District News Roundup

May 24, 1989 3 min read

The Nash County, N.C., school system is contributing to segregated schools in the adjacent city of Rocky Mount, the city’s school board has charged in federal court.

The board argues in a lawsuit that the county’s maintenance of a nearly all-white system is unconstitutional and siphons white students from the city’s schools.

Rocky Mount school officials are seeking an order allowing the district to annex all property and students that lie within the city limits but now are part of the county system. The current boundaries prevent the city district from providing equal educational opportunities to its dwindling and increasingly minority student body, they said last week.

The six members of the Troy, Mich., school board who proposed construc6tion of a new, $32-million high school have been recalled by voters.

As a result, Governor James J. Blanchard last week appointed three interim replacements to enable the board, which was down to only one member after the May 8 recall election, to continue working on district business.

An organization called Concerned Troy Citizens for School Board Recall led the fight to oust the board members, who had voted to proceed with plans for the school even after voters twice had rejected general-obligation bonds to finance the project. The sole member left on the board opposed the construction plan and was not a recall target.

A Twin Hills, Calif., school counselor was not legally obligated to alert the family of a student who threatened violence against his father and later shot and killed him, a judge has ruled.

The boy’s mother and sister sued the counselor when they learned that the 14-year-old boy had said, in a counseling session eight weeks before the shooting, “I am so mad at my father, I feel like I could take a gun and shoot him.”

The student was ultimately found responsible for voluntary manslaughter and confined to a state hospital for three years.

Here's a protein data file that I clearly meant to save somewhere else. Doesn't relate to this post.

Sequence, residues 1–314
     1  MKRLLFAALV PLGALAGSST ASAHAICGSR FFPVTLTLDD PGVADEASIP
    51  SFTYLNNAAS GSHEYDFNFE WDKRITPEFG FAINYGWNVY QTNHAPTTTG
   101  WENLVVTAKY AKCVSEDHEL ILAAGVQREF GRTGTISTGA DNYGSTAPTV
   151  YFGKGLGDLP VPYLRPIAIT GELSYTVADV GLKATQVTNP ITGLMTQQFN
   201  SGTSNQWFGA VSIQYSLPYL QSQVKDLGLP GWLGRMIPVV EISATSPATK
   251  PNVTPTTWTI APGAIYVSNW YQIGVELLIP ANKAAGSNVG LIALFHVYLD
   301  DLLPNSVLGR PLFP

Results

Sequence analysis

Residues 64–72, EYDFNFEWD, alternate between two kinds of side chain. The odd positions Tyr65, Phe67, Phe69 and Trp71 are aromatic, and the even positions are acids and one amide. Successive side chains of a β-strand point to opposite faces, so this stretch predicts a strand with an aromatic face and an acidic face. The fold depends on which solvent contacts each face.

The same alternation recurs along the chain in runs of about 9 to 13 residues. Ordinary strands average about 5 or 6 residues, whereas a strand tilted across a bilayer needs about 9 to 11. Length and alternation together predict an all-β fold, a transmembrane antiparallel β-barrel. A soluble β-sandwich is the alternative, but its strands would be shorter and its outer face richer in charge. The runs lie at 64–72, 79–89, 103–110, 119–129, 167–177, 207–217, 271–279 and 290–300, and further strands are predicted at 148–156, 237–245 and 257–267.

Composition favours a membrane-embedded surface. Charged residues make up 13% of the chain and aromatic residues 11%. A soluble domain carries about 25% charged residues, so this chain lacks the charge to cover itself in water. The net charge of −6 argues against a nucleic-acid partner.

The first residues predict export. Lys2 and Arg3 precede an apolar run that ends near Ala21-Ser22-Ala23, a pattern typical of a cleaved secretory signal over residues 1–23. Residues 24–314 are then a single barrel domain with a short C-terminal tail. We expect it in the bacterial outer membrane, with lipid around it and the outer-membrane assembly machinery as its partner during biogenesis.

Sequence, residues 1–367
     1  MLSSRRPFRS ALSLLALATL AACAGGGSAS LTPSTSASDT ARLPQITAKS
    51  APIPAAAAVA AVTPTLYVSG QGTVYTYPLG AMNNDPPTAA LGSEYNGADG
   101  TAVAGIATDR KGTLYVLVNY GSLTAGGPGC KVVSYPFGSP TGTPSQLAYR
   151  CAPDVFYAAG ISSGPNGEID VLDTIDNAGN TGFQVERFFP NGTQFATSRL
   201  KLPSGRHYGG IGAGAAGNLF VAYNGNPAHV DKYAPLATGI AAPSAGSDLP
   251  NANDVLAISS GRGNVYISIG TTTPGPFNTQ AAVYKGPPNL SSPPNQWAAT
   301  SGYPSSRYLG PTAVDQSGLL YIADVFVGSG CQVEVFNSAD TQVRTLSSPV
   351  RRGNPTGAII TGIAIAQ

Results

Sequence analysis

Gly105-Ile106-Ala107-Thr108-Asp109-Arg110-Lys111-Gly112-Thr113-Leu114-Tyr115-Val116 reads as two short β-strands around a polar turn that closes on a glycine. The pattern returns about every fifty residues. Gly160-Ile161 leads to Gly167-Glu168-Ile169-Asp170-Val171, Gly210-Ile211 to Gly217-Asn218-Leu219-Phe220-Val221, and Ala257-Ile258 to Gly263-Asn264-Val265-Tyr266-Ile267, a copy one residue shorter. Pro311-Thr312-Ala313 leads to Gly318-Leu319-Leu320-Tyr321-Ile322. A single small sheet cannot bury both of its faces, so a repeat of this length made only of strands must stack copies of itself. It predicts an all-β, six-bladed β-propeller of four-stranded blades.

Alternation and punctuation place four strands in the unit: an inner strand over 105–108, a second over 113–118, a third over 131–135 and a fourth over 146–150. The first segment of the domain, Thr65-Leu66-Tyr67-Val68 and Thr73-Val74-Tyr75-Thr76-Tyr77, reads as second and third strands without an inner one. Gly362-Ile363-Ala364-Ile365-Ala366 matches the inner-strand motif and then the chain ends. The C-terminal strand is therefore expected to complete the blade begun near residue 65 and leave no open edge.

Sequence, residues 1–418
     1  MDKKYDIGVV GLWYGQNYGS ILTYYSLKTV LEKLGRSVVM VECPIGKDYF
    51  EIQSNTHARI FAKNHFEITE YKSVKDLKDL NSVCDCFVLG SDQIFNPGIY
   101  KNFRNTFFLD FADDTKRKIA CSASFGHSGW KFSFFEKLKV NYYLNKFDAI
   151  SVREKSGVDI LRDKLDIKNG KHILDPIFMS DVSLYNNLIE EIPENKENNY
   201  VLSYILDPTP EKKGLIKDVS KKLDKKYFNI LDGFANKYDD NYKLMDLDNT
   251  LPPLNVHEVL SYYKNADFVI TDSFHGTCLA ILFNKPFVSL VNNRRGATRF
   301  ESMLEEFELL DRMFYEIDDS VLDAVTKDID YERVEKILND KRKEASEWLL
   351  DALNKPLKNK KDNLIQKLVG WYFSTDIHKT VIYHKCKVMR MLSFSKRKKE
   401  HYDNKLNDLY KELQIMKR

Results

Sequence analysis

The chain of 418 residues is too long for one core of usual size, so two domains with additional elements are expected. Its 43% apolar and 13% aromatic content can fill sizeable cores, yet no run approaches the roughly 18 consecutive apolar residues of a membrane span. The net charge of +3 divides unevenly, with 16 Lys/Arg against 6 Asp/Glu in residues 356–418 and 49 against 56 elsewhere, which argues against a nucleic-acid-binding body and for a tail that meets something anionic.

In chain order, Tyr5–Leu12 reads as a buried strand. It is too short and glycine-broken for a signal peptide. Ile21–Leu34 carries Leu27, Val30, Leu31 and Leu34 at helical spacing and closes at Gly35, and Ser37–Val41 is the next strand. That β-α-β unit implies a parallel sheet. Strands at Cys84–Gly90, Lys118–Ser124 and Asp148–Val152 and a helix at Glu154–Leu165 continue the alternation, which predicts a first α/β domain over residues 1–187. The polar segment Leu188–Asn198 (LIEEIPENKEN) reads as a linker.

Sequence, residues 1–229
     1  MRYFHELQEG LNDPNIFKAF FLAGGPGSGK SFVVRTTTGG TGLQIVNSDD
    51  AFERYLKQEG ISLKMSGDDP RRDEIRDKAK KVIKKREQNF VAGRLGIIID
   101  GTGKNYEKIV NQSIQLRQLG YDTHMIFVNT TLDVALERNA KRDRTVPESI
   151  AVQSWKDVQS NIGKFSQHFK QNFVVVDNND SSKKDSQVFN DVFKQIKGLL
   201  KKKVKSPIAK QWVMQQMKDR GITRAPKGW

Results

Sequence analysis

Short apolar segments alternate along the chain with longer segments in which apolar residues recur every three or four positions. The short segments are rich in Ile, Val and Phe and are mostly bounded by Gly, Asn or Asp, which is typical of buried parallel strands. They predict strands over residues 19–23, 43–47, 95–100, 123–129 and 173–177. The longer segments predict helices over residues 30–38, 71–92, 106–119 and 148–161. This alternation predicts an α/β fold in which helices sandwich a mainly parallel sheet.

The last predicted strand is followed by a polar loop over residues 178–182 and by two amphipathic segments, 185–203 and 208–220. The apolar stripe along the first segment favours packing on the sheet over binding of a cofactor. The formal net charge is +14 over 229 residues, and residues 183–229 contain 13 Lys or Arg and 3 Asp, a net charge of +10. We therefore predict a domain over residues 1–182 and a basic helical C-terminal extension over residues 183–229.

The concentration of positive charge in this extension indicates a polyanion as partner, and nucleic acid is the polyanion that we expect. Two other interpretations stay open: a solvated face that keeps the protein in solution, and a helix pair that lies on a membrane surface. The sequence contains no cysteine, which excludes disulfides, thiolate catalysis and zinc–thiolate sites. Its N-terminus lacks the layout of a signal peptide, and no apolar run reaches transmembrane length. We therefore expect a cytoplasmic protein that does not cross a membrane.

Superior Court Judge William Bettinelli of Sonoma County found that the counselor had acted reasonably and had not breached his duty in the case.

But Judge Bettinelli also said that school counselors have a duty to “exercise reasonable care” to protect parents if they have a basis for believing that a pupil presents a “clear and imminent danger” to a parent.

The ruling marked the “first known case in California to attempt to extend to public-school counselors a responsibility to warn or protect third persons of the potential violent conduct” of a student, Michael Seneff, a lawyer for the district, said last week.

Public schools in the wealthy Detroit suburb of Grosse Pointe could close next fall if voters do not change their minds and renew the district’s tax-levying authority this summer, district officials have warned.

Last month, voters turned down a two-part proposal that would have extended the system’s basic property-tax rate and authorized an increase. With no legal authority to collect taxes, school officials were forced to send layoff notices to 720 employees.

But Superintendent John A. Whritner3, change to jp dists:

expressed hope last week that residents would agree in June at least to extend the basic property-tax rate, which will be voted on separately from the increase. If not, he said, the district will resubmit the issue to voters in August.

Voters in Tuscon, Ariz., have approved a bond package totaling $398 million--10 times the amount of a bond proposal they rejected last year.

A $360-million bond issue will be used for repair and renovation of existing schools and for construction of new facilities. About $12 million of that amount will be used to purchase computers for administrative offices.

The second bond issue, for $38 million, will be used for purchases of classroom and instructional equipment.

In February 1988, voters rejected a $40-million proposal for health and safety improvements in schools.

A version of this article appeared in the May 24, 1989 edition of Education Week as District News Roundup